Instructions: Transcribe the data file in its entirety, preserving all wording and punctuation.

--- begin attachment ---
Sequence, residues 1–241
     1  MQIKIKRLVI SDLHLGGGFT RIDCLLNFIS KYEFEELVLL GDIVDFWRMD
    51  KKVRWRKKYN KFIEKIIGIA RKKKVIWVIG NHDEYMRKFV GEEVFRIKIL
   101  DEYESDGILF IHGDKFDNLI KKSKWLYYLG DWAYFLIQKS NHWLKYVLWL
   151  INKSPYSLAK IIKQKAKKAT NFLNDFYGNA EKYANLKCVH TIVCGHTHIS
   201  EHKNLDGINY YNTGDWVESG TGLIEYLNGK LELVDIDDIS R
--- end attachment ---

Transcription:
Sequence, residues 1–241
     1  MQIKIKRLVI SDLHLGGGFT RIDCLLNFIS KYEFEELVLL GDIVDFWRMD
    51  KKVRWRKKYN KFIEKIIGIA RKKKVIWVIG NHDEYMRKFV GEEVFRIKIL
   101  DEYESDGILF IHGDKFDNLI KKSKWLYYLG DWAYFLIQKS NHWLKYVLWL
   151  INKSPYSLAK IIKQKAKKAT NFLNDFYGNA EKYANLKCVH TIVCGHTHIS
   201  EHKNLDGINY YNTGDWVESG TGLIEYLNGK LELVDIDDIS R